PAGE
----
One of Toronto's oldest bridges just reopened after a major makeover
At long last, one of downtown Toronto's most badass-looking bridges has reopened to the public after being closed off due to renovations for what felt like years but was actually only nine months (nine pandemic months, mind you.)
Behold, the revamped Bathurst Street Bridge: It's got all of the same ability to get people between Front Street and Fort York Boulevard that you love, without all the dust-covered rust.
First built in 1903, the steel Warren Truss bridge (also known as the Sir Isaac Brock Bridge since 2007) spent the first decade or so of its life running across the Humber River.
The structure was disassembled in 1916 and moved to Bathurst Street, where in 1931 it was moved once more, slightly south, to accommodate streetcars.
It's been providing a pathway for pedestrians, motorists and cyclists over the railway below ever since.
At least, it had been up until May 25 of 2020, when it closed as part of a larger project targeting several stretches of Bathurst Street.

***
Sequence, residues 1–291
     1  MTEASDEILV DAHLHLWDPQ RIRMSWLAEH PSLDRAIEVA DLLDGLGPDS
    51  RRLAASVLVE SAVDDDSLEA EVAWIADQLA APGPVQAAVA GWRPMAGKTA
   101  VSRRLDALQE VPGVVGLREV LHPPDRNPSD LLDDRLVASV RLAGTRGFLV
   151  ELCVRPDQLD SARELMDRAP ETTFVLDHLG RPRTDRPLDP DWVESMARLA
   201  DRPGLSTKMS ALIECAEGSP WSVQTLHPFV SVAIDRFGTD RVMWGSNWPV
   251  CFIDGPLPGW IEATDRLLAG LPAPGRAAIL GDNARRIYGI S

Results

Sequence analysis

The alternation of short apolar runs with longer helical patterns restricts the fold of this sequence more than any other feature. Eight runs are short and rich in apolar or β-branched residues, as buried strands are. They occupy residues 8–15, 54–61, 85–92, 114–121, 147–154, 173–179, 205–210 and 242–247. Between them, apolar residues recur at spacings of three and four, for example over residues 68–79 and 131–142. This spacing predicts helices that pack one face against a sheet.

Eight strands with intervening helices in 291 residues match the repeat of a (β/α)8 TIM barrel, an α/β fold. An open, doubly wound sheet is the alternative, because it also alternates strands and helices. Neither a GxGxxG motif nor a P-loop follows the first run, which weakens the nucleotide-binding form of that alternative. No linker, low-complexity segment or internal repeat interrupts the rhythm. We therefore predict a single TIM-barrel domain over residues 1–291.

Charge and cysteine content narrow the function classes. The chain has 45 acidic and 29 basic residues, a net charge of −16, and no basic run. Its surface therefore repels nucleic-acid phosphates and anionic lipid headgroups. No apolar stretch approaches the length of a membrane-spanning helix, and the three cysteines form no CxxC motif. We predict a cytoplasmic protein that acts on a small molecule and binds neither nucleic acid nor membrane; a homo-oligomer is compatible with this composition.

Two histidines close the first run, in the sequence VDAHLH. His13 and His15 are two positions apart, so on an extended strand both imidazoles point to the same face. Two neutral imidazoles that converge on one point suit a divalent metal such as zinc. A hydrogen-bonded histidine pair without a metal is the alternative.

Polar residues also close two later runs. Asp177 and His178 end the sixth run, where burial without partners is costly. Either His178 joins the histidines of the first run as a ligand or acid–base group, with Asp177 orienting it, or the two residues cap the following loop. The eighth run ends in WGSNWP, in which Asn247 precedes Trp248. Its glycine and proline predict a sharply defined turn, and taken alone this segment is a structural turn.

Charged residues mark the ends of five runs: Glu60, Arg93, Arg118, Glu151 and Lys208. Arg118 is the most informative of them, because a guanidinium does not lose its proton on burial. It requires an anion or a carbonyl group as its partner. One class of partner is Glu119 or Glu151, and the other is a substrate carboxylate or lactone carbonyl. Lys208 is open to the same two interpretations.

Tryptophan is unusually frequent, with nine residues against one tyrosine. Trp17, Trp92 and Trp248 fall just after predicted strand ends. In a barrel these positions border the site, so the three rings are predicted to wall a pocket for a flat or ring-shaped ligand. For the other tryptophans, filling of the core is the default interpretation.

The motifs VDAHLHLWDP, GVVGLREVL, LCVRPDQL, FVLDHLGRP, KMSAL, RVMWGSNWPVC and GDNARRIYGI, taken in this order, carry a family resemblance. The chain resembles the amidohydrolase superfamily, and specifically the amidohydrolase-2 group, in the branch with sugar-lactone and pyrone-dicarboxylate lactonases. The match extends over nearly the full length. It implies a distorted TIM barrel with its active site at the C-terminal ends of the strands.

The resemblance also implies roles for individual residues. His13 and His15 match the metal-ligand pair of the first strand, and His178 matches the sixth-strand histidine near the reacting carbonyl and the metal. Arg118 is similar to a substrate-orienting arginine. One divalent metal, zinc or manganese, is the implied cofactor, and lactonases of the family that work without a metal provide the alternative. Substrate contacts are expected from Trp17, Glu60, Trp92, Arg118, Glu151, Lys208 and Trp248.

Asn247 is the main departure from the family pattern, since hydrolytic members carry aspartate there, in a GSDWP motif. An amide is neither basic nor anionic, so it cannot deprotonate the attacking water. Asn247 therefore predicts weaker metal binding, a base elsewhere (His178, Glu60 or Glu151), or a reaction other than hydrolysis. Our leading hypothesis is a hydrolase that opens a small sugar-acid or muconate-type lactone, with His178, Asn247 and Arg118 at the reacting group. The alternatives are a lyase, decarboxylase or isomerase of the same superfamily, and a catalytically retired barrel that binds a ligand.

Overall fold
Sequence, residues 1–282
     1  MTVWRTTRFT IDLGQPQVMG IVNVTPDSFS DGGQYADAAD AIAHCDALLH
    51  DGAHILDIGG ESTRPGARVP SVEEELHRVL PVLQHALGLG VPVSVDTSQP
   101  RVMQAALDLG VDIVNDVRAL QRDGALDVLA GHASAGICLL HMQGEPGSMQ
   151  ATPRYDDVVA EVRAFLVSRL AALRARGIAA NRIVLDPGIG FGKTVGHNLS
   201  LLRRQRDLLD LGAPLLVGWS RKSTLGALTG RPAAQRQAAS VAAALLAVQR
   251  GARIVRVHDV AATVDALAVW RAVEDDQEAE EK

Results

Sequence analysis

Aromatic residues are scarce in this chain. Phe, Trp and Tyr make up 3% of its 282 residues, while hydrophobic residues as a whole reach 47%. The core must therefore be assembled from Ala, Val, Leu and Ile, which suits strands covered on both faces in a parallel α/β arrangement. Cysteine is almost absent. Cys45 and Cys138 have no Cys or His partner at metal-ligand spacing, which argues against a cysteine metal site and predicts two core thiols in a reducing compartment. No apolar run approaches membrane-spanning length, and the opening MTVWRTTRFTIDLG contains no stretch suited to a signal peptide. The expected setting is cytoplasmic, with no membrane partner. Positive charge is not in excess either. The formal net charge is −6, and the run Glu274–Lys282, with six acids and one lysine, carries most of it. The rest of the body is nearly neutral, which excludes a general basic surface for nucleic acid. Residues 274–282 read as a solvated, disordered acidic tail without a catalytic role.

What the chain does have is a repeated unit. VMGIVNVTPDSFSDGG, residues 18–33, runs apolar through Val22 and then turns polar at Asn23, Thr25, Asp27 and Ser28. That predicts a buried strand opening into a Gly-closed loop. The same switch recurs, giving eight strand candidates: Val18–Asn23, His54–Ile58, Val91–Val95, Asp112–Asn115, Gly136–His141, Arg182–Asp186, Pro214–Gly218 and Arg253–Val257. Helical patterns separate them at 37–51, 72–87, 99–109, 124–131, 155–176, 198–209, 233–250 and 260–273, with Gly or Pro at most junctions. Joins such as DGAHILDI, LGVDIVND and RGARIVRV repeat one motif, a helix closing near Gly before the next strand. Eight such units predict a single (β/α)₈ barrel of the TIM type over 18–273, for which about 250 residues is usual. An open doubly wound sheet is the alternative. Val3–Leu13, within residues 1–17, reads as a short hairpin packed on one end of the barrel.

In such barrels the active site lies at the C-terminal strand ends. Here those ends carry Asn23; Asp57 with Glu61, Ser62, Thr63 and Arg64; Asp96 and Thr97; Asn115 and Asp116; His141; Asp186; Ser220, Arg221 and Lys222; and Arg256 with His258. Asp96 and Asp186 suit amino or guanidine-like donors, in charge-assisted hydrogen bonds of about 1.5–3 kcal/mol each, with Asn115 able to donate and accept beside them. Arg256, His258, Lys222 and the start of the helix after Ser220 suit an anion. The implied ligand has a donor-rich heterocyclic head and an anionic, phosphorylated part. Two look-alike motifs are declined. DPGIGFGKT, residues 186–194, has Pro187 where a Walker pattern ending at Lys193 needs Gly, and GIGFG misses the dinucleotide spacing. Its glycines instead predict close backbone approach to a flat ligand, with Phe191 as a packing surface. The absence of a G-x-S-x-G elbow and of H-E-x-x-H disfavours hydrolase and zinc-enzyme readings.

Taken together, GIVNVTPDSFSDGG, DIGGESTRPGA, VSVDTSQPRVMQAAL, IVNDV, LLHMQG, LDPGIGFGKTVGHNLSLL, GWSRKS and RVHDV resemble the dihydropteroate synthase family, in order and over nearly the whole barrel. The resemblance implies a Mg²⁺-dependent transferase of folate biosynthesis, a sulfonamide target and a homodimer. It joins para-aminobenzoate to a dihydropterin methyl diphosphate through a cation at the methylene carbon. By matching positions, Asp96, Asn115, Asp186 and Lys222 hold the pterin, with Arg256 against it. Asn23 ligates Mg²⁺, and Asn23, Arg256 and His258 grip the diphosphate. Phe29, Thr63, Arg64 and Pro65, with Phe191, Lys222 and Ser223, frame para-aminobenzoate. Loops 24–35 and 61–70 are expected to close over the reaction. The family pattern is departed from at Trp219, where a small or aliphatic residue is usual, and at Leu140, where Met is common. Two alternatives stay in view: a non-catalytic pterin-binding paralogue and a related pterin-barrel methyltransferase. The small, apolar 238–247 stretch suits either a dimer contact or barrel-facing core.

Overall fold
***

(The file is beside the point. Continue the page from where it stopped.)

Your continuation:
The bridge's closure was inconvenient, to say the least, but a lot needed to be done, including a complete truss recoating, a new concrete deck overlay, steel repair work, sidewalk repairs, the installation of new railings and parapet walls, and the replacement of aging TTC streetcar tracks.
Now that the work is complete, there's no more need for forced left turns onto an already jam-packed Front Street at rush hour. No more tenderly walking your bike across one narrow sidewalk in single file!
Just an easy skip across the tracks accompanied by a grand city view.
Join the conversation Load comments